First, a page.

Weill certainly didn't need to be coached. An inspiring leader to many, he built Citi from the bit parts of a low-rent consumer-finance outfit called Commercial Credit. Among those bit pieces was a young lawyer named Prince, who latched on to Weill and played a helping role as he acquired a string of companies: Primerica, Shearson, Travelers, Salomon Brothers, and finally Citicorp. Prince was the jack-of-all-trades who planned Weill's annual birthday bashes (and often emceed them), wrote many of Weill's speeches (as well as a skit in which Weill appeared onstage dressed as Moses, ready to deliver his employees to the promised land), and signed off on most documents before Weill got to see them. He was so devoted to Weill that Prince's own mother said to the Los Angeles Times shortly after he was named CEO, "I always ask [Chuck]: 'What are you doing next time for Sandy?' "

Prince became Weill's fixer, working on everything from the Argentine peso crisis to Citi's Enron and WorldCom exposure. In 2001 he ascended to the title of chief operating officer, and the next year was moved over to run Citi's investment banking unit. He negotiated directly with New York State attorney general Eliot Spitzer over alleged conflicts of interest. (Prince, ironically, is referred to as "C.O.P.," his initials, by some Citigroupers.) When Weill named a successor as CEO in the summer of 2003, amid fallout over his own questionable behavior, Prince was the stunning choice.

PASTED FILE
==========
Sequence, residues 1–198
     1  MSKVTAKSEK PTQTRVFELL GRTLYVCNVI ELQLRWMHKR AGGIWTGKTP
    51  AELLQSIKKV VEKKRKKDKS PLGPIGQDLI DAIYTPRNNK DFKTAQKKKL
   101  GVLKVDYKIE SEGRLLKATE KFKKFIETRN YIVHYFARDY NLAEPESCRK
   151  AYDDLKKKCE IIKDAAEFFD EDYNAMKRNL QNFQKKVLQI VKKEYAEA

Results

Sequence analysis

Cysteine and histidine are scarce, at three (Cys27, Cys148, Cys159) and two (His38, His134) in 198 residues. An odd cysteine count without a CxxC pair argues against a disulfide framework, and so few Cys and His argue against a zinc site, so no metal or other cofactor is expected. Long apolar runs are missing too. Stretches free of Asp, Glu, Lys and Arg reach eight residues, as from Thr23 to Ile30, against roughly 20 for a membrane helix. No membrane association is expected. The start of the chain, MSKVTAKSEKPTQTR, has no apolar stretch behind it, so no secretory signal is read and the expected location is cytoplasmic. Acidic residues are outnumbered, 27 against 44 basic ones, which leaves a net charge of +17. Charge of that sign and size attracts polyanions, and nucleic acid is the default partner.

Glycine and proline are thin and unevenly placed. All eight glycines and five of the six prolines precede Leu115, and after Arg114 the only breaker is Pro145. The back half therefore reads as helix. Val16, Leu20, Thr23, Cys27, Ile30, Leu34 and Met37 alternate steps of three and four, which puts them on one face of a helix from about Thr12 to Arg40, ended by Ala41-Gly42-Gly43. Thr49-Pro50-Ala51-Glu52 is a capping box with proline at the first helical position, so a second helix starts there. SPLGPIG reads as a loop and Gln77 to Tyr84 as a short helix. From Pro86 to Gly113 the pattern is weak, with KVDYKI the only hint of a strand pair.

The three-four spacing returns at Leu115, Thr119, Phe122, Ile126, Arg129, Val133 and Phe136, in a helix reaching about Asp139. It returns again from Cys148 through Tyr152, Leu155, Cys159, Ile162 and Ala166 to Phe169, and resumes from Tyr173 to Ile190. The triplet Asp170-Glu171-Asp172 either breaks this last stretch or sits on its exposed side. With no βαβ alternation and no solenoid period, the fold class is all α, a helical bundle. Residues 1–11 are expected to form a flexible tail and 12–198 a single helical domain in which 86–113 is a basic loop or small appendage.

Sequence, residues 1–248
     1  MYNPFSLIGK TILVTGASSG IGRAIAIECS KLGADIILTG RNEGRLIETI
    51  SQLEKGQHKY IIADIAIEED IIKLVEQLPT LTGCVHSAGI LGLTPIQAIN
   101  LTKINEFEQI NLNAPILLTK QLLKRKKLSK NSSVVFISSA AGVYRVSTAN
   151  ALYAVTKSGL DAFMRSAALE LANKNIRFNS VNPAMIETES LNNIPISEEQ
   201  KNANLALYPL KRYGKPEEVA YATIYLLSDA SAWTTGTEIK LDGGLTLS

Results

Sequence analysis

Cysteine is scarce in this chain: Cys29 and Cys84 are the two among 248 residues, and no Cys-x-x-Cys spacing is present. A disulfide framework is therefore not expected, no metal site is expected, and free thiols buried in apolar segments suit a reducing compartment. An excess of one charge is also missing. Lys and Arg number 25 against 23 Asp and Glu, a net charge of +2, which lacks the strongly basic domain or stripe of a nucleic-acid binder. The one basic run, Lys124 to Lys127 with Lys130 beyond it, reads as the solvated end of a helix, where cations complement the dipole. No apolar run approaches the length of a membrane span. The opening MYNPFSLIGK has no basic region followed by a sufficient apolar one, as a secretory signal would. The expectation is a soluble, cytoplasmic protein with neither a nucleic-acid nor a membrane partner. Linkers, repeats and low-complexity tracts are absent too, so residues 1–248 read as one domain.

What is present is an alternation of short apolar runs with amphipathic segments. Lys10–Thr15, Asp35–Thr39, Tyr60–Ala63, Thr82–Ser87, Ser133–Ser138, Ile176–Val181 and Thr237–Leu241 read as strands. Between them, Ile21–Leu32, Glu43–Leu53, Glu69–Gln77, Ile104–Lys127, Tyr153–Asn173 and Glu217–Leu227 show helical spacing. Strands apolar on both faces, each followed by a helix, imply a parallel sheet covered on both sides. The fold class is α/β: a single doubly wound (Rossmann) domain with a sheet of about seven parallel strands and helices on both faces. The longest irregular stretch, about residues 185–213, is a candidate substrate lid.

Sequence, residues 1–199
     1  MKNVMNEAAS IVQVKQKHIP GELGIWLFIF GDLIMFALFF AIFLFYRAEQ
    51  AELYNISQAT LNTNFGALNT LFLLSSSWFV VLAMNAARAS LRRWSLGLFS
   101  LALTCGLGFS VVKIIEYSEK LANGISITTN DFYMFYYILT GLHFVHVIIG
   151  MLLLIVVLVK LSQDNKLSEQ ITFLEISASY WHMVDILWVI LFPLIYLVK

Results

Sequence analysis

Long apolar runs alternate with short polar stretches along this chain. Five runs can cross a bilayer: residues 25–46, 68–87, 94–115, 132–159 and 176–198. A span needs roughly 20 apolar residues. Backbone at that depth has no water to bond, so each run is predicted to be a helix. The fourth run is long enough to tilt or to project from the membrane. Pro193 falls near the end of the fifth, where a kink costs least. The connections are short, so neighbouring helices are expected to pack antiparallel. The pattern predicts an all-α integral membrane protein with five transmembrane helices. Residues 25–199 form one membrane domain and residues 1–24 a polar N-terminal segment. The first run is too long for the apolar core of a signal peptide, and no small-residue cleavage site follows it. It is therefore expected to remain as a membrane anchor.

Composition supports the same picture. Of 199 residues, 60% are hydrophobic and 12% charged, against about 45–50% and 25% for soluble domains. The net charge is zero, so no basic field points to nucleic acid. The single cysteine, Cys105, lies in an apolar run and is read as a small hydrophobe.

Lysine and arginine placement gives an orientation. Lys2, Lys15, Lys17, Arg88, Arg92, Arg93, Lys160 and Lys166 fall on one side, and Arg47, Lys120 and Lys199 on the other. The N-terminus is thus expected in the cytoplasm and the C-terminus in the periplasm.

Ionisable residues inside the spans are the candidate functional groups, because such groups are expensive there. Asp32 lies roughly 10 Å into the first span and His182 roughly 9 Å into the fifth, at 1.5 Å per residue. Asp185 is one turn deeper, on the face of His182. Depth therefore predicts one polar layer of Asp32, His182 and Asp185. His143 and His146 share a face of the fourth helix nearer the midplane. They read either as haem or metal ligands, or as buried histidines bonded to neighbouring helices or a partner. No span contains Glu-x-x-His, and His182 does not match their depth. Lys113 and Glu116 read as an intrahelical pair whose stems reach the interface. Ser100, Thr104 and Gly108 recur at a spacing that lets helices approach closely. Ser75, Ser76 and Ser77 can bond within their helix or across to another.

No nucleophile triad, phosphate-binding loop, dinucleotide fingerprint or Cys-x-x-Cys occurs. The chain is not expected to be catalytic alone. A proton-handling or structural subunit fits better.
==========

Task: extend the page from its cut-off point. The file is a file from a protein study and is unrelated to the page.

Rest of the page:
Citi's stock fell nearly 3% on the news, an inauspicious start. Weill stood by his protege, proclaiming when Prince officially took the reins in October 2003 that he had "no doubts he was the right man for the job." Prince certainly seemed unlikely to undermine Weill's legacy. "Sandy assumed," says a former executive, echoing the sentiments of many Citi stalwarts, "that as CEO, Chuck would more or less go along with Weill's decisions." (Weill remained chairman.)